Asunto(s)
Dipterocarpaceae/fisiología , Sequías , Estomas de Plantas/fisiología , Transpiración de Plantas , Bosque Lluvioso , Hojas de la Planta/fisiología , Suelo , Árboles , Agua
6.
Tree Physiol ; 38(8): 1166-1179, 2018 08 01.
Artículo en Inglés | MEDLINE | ID: mdl-29608763

RESUMEN

The mesic-origin plantation species Robinia pseudoacacia L. has been successfully grown in many arid land plantations around the world but often exhibits dieback and reduced growth due to drought. Therefore, to explore the behavior of this species under changing environmental conditions, we examined the relationship between ecophysiological traits, gas exchange and plant hydraulics over a 3-year period in trees that experienced reduced plant hydraulic conductance (Gp) in summer. We found that the transpiration rate, stomatal conductance (Gs) and minimum leaf water potential (Ψlmin) decreased in early summer in response to a decrease in Gp, and that Gp did not recover until the expansion of new leaves in spring. However, we did not observe any changes in the leaf area index or other ecophysiological traits at the leaf level in response to this reduction in Gp. Furthermore, model simulations based on measured data revealed that the canopy-scale photosynthetic rate (Ac) was 15-25% higher than the simulated Ac when it was assumed that Ψlmin remained constant after spring but almost the same as the simulated Ac when it was assumed that Gp remained high even after spring. These findings indicate that R. pseudoacacia was frequently exposed to a reduced Gp at the study site but offset its effects on Ac by plastically lowering Ψlmin to avoid experiencing any further reduction in Gp or Gs.


Asunto(s)
Carbono/metabolismo , Sequías , Robinia/fisiología , Agua/metabolismo , Ambiente , Japón , Hojas de la Planta/fisiología , Estaciones del Año , Árboles/fisiología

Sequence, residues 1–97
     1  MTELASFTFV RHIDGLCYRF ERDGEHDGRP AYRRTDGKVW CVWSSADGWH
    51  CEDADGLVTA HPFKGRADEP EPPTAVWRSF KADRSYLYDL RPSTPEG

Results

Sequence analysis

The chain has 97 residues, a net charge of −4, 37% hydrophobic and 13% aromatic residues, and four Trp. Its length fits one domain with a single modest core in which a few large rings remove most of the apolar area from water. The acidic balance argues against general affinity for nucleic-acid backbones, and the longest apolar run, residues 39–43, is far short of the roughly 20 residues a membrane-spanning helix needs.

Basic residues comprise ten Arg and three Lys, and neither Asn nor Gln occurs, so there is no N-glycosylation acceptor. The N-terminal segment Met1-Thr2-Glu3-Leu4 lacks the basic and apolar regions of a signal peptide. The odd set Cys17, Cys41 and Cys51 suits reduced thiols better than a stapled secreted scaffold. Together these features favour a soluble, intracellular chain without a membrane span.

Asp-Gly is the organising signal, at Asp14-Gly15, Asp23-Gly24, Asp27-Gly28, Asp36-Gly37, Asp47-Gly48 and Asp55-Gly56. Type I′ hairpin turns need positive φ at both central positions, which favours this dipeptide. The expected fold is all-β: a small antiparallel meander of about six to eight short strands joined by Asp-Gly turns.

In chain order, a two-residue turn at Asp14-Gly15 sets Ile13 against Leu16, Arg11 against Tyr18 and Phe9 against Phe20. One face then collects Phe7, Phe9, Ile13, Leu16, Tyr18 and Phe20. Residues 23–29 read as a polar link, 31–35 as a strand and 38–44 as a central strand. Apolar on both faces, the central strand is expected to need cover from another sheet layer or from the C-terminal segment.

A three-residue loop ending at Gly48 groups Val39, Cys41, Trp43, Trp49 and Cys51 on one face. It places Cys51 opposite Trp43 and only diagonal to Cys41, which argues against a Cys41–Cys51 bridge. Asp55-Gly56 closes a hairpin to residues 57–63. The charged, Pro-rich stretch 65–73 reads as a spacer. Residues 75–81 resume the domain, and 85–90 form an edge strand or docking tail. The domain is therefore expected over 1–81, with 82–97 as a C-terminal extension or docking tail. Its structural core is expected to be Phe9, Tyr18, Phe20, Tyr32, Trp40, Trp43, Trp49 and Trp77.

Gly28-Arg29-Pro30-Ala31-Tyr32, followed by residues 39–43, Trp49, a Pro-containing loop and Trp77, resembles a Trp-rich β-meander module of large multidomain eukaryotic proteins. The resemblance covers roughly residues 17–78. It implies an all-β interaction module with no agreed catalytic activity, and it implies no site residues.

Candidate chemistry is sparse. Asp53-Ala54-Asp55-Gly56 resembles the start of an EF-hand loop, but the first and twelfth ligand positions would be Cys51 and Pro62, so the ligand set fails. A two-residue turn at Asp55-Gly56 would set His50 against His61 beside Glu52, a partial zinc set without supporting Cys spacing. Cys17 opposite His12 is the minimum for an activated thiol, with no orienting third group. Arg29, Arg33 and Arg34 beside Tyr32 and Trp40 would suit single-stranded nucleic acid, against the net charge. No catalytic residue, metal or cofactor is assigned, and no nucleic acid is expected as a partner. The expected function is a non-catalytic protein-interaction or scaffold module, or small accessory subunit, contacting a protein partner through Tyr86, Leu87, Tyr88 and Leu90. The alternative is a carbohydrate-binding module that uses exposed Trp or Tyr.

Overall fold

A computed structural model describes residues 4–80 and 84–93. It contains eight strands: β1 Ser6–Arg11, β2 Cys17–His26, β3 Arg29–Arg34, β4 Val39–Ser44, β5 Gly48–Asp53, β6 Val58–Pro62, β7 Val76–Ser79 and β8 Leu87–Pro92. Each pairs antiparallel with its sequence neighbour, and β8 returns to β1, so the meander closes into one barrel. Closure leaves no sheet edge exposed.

7.
New Phytol ; 219(3): 851-869, 2018 08.
Artículo en Inglés | MEDLINE | ID: mdl-29451313

RESUMEN

Tree mortality rates appear to be increasing in moist tropical forests (MTFs) with significant carbon cycle consequences. Here, we review the state of knowledge regarding MTF tree mortality, create a conceptual framework with testable hypotheses regarding the drivers, mechanisms and interactions that may underlie increasing MTF mortality rates, and identify the next steps for improved understanding and reduced prediction. Increasing mortality rates are associated with rising temperature and vapor pressure deficit, liana abundance, drought, wind events, fire and, possibly, CO2 fertilization-induced increases in stand thinning or acceleration of trees reaching larger, more vulnerable heights. The majority of these mortality drivers may kill trees in part through carbon starvation and hydraulic failure. The relative importance of each driver is unknown. High species diversity may buffer MTFs against large-scale mortality events, but recent and expected trends in mortality drivers give reason for concern regarding increasing mortality within MTFs. Models of tropical tree mortality are advancing the representation of hydraulics, carbon and demography, but require more empirical knowledge regarding the most common drivers and their subsequent mechanisms. We outline critical datasets and model developments required to test hypotheses regarding the underlying causes of increasing MTF mortality rates, and improve prediction of future mortality under climate change.